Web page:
QuoteLikely so, but the deal with California and Texas won't be the end of the "rootkit" fiasco for the music giant. Sony still has to contend with a consortium of 13 states, including Massachusetts, Nebraska and Florida, that are expected to look for a similar deal, according to Jeff McGrath, deputy district attorney for Los Angeles County, which took part in California's case against Sony. In addition, McGrath said an investigation launched earlier this year by the Federal Trade Commission looms. A spokesperson for the FTC declined to comment.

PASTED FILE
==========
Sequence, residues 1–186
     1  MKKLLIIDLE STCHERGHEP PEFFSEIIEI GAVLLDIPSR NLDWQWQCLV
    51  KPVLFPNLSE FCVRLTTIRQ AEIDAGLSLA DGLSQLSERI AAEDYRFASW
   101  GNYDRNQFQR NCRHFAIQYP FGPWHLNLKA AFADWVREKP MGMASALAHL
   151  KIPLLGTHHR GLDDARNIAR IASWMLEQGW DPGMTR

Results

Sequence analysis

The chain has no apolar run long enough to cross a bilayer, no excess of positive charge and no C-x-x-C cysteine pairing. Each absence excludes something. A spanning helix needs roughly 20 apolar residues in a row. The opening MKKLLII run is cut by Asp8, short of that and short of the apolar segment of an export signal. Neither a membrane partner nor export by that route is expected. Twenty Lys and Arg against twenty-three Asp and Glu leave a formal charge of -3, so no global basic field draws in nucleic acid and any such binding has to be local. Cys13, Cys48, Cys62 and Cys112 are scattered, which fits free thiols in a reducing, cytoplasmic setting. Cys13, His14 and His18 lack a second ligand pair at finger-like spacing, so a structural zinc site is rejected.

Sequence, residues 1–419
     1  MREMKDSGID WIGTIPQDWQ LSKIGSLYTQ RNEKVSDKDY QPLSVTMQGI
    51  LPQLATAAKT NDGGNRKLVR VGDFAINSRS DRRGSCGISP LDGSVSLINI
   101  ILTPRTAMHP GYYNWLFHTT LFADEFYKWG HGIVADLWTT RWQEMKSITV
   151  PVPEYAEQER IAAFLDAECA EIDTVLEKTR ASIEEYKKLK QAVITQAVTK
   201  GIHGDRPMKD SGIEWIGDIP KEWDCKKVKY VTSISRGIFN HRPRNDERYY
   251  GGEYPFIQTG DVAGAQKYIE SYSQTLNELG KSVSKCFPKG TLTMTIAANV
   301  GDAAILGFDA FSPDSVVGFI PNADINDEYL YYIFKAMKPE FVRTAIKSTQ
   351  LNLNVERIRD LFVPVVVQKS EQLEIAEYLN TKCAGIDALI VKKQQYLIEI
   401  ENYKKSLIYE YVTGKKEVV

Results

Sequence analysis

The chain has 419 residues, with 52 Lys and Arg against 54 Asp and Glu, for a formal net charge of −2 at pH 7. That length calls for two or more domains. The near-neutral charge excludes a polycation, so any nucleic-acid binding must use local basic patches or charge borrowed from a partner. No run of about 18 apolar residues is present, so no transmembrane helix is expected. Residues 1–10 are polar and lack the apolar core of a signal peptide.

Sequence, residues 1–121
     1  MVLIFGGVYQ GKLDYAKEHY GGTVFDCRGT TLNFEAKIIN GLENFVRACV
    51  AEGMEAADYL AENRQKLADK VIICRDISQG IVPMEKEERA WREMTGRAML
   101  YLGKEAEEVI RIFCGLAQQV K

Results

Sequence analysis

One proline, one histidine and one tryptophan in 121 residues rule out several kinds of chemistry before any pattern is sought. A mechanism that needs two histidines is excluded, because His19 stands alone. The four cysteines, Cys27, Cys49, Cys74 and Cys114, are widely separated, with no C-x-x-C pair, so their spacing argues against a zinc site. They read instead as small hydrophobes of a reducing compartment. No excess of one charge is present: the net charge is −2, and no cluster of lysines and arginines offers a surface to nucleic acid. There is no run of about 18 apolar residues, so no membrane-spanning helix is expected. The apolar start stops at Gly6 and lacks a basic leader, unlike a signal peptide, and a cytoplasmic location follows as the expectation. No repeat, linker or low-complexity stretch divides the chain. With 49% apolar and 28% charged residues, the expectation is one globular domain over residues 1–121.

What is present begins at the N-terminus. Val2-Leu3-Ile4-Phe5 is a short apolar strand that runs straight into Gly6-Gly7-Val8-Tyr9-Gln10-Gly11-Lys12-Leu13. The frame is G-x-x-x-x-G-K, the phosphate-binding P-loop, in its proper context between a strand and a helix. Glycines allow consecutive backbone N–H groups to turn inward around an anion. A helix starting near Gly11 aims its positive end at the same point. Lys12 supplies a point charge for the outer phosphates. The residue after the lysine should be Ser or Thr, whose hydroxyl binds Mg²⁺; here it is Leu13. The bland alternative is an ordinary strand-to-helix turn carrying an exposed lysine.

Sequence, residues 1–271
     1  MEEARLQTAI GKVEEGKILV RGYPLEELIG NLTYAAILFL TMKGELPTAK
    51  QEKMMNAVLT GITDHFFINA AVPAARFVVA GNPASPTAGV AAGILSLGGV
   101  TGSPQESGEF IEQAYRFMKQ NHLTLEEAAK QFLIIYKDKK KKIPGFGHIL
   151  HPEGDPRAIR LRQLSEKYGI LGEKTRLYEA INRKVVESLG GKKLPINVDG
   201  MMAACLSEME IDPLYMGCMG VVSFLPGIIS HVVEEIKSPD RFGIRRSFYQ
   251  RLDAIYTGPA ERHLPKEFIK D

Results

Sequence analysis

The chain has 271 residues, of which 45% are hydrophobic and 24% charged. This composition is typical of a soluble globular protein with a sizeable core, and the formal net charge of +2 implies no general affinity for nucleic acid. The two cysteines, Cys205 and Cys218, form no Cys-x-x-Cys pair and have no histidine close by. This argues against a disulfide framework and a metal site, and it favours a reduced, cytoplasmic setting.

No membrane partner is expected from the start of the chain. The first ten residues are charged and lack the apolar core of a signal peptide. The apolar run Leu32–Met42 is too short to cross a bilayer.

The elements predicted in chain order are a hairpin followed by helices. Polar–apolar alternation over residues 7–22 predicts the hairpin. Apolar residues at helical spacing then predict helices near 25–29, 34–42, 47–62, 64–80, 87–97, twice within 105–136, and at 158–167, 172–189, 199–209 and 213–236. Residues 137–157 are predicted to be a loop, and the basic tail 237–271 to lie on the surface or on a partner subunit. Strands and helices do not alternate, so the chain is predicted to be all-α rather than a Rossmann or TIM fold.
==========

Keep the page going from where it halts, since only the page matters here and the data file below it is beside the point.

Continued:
The uproar over Sony's DRM started in October 2005 when a computer programmer discovered that one of the company's CDs was restricting his computer's ability to copy music. He had installed Sony software that enabled him to listen to a CD on his computer, but without his knowledge, the disc also installed a DRM program that would limit the number of copies he made of the CD and barred him from creating unprotected MP3s. The DRM also provided a place where malicious software could hideout and operate undetected. The feature is known as a rootkit.